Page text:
Research, Tools, Templates

Roles of a Project Manager

Roles of a project manager are characterized by short and unique project cycles. Project managers have to balance different ways of thinking and working in the team and delays among partners. Depending on the challenge they are currently dealing with, project managers slip into a wide variety of roles.

7 Roles of a Project Manager

1. Change Manager

Every project brings with it a certain change and changes can trigger fears or resistance in the team. One of the roles of a project manager is therefore that of a change manager. Because even if the employees' fears seem irrational to them, they are real for those affected.

Project managers slip into the role of a change manager, who accompanies the change process and faces fears openly. This ensures more security in the team in the long term: the fear dissolves and is transformed into a spirit of optimism.

2. Team Leader

Project teams usually consist of a mix of participants from different departments with different working methods and ideas about other departments. Project managers have to be true team leaders if they want to form a powerful team out of the group of individuals they are in charge of. A team in which everyone knows their role and responsibilities and supports the team.

It is important to create a sense of togetherness in the group in a short time. This is achieved by project managers involving their teammates in project planning right from the beginning, distributing tasks and working out procedures together.

3. Communicator

Whether in team meetings, negotiations with stakeholder or reporting the project status and progress - project managers must understand the importance of good communication. Ultimately, they are the ones who set the tone and, with their verbal presence, also draw the team along.

No matter how much experience and expertise project managers have, if project managers don't know how to dominate conversations and conduct negotiations, they will have a hard time completing the project successfully.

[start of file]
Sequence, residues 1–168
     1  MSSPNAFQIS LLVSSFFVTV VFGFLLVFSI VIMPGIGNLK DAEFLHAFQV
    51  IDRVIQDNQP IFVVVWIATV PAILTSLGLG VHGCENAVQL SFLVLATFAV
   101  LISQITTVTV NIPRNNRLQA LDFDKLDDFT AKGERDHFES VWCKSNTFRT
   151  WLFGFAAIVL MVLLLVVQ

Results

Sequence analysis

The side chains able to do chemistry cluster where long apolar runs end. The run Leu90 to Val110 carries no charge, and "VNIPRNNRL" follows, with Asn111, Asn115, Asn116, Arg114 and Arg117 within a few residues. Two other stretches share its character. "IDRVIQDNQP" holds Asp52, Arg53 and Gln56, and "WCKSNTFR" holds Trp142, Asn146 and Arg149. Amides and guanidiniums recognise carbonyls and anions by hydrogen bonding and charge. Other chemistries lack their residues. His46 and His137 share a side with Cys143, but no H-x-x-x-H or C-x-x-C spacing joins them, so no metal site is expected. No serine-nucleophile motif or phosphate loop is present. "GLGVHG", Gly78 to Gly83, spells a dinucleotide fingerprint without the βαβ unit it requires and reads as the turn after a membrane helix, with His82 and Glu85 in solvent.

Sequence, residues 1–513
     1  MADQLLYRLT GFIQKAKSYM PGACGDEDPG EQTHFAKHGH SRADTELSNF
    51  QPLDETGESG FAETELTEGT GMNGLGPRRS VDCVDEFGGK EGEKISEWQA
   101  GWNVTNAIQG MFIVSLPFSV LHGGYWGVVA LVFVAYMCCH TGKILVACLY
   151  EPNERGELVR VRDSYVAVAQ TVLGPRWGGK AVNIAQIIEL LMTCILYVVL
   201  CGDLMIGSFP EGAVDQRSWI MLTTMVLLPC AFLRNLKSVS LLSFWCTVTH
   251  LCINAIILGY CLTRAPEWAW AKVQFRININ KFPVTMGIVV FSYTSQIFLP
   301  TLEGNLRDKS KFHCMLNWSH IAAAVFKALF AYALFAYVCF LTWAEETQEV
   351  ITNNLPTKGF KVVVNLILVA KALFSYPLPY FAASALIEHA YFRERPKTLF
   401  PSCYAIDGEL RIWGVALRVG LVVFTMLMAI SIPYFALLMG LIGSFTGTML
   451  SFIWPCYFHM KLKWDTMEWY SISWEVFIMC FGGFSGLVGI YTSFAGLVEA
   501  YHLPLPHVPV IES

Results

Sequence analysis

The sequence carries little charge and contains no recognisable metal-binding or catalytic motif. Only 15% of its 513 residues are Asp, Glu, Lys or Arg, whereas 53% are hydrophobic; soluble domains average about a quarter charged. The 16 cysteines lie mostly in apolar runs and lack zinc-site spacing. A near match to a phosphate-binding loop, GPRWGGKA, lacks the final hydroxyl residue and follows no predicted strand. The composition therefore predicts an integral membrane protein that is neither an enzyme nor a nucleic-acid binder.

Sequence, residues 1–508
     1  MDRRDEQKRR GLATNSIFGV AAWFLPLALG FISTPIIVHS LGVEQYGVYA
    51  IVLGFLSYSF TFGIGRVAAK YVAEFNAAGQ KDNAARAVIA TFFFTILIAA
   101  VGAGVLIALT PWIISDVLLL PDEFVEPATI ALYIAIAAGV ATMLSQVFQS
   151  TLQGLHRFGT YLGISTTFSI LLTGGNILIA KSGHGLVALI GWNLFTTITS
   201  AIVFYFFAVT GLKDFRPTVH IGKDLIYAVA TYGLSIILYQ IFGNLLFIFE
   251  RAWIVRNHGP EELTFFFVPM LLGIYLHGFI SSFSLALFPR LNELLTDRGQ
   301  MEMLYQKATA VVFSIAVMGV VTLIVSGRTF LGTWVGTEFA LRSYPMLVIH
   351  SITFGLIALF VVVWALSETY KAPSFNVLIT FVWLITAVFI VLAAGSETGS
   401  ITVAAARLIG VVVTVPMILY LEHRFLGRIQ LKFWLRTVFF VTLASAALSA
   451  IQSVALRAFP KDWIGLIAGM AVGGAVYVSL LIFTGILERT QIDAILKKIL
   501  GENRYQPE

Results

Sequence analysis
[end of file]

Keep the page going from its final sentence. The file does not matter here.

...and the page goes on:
4. Conflict Solver

Anyone who can communicate well is usually also able to deal with conflicting parties. Project managers will have to take up the role of a conflict solver from time to time during the project life cycle. A wide variety of interest groups and stakeholders are usually involved. Conflicts can range from trouble with suppliers, problems with investors, or in the project team itself.

If conflicts remain unresolved, they jeopardize the entire project. A project manager must therefore have the skills of a conflict solver. Good project managers develop a sense for discrepancies in the team over time, recognize conflicts in good time and can defuse them before they become disturbing. They have to step out of their comfort zone on a regular basis.

5. The project manager as a temporary boss

Project managers often have limitted authority. Team members are sometimes only operationally subordinate to the project manager for a certain part of their working hours, while functionally they continue to belong to their home department, from where they may receive instructions. It is extremely important that project managers demonstrate their leadership skills in right from the beginning of the project life cycle.

Project manager have to master the role of a team leader well. It is helpful to know the own values and motives and what manager type you are. If you know how you appear to the outside world, you can also show your team where you want to go, how much personal responsibility you expect from those involved and where the clear boundaries are.

6. Role of a Project Manager as a Strategist

Unforeseen challenges constantly happen. Information and decisions are delayed, budgets are not available, materials are delivered late, machines break down, etc. Good project managers are able to deal with it flexibly. They are no strangers to tactical flair and strategic skill.

Project managers always have to take the role of a strategist and have a “plan B” up their sleeves in the event of unplanned bottlenecks. They know if a solution leads to a dead end and are not afraid to take a different route in order to reach the goal via detours.

7. The Crisis Manager

One of the roles of a project manager is that of a strategist. Project managers are prepared for unforeseeable events and, ideally, can react flexibly to them. However, disasters can strike that require flexible solutions and a great deal of ingenuity and foresight. If a project gets into such trouble that it threatens to fail, responsible people have to take up the role of crisis managers. They must be able to quickly identify the root course, understand how the crisis developed and implement a solution promptly with everyone involved in the project.

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